The first time I got rejected after applying for an entry level position with a barristers’ chambers, a friend told me it was because the legal profession is too white, too middle class and I am “too brown with a much too Muslim name” to make it. When I did secure pupillage, or when I won certain scholarships or competitions I heard people say “ah, that’s positive discrimination” (what happened to that phrase by the way? It seems to have disappeared).
9/11 took place during my first weeks of secondary school. I’ve discussed this at length before but it basically changed my life. I was called “Osama” or a “terrorist” and later this became the ”Sultan of Kaboom”, amongst other hilarious things. Identity, as a teenager isn’t easy but against that sort of backdrop, it was a ‘cluster field’. Like Dr. Aziz in the E M Forster novel that has inspired the title of this piece (itself taken from Walt Whitman’s poem of the same name) I felt the unique sting and incredulity of false allegations.
Throughout my education and into the infancy of practice though, I’ve often tried to blend in. I've sought to be the joker rather than the joke, or to compromise on things so as to get along. Very few people for example, know how to pronounce my name properly - let alone my full name or what it means. When I was younger, I sometimes found my racial and religious heritage a source of embarrassment, cringing at the words ‘Pakistan’ or ‘Muslim’. It is much easier to be the neutral, home county sounding chap than the second generation Muslim, or that’s how it felt at least.
Of course, I am actually both. That’s why this recent award for Achievements in law’ at the ‘British Muslim Awards’ means so much to me personally. ‘ It touches on some fundamental aspects of my identity. The law, my nation and my faith. I do not contend to possess any particular mastery of, or in, any element but I certainly recognise all three as integral to my make up.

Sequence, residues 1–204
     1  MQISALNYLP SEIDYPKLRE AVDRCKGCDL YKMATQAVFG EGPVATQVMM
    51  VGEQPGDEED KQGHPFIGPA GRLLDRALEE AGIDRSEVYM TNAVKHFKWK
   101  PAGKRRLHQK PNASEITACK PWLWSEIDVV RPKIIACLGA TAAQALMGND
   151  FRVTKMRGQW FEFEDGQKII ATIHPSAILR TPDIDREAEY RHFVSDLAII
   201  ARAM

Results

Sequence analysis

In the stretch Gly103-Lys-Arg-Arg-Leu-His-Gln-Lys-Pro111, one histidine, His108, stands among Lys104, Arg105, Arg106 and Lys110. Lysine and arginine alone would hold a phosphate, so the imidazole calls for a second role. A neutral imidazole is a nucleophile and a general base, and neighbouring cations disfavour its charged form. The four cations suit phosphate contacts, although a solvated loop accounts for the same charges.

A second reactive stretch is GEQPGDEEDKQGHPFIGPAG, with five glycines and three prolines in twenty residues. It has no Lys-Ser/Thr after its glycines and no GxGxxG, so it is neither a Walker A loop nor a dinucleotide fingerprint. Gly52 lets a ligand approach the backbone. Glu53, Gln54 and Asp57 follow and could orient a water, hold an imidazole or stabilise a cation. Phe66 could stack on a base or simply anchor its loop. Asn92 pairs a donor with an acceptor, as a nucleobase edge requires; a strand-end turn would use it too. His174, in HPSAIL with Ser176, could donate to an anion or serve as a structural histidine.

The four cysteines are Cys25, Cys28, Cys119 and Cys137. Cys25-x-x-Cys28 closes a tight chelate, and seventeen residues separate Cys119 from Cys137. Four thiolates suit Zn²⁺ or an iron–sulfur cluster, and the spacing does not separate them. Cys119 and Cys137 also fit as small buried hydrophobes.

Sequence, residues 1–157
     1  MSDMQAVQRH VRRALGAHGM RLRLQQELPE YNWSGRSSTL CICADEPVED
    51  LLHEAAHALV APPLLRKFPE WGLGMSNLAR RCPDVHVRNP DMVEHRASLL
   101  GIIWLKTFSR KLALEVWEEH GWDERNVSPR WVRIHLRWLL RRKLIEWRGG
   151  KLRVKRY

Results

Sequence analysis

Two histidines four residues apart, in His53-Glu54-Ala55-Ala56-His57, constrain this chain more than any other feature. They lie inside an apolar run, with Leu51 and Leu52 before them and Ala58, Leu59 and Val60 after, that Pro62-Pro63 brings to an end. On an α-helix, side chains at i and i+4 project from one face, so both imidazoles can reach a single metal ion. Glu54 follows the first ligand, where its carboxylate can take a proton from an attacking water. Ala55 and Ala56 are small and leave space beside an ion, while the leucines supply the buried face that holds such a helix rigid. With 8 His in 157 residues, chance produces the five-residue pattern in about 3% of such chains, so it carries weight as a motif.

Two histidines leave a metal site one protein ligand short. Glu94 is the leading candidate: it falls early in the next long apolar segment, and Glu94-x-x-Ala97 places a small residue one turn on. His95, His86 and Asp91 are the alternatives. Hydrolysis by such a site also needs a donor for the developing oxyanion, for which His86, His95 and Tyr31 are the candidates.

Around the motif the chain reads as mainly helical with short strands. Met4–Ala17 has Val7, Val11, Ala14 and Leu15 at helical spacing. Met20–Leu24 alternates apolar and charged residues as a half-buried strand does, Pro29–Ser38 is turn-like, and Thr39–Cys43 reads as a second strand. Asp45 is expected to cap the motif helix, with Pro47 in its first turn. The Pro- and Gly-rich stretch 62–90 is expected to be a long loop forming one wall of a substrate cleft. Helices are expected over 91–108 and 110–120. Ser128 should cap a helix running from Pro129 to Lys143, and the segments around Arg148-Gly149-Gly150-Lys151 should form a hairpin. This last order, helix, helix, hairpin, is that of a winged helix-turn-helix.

The world we live in now, the place I work, is gearing up to and increasingly heading towards environments couched in diversity and inclusion - which is excellent. It isn’t perfect and there’s a long, long way to go. My children though won’t experience the extent of what I have, just as I did not encounter what my own parents did. That being said, I don’t believe that my heritage has really been, pardon the pun, a bar. Sure, I had moments when I wondered but on balance - my heritage hasn’t held me back, albeit I’ve occasionally felt like I carried it, rather than wanted it.
That’s the irony though. It has gone from sometimes feeling like a burden to being pivotal to my career. Today, the two countries I work in the most (other than the UK) are Pakistan and Malaysia. These are two countries with long historical ties to Britain and Islam. It is little wonder I’ve felt resonance there and forged relationships and deep friendships with clients and people there.
Celebrating different sections of diversity, as this award does in its own way, is an essential part of rejoicing in the wider diversity jig-saw. Itself, an ornate tapestry that encompasses humankind in every permutation and non harmful free choice, representing in technicolour, the picture of a modern and inclusive world. Helping each individual to own their personal identity provides a sense of hope and emancipation which is immeasurably powerful. I will cherish this award and what it continues to teach me about my evolving identity and my professional journey.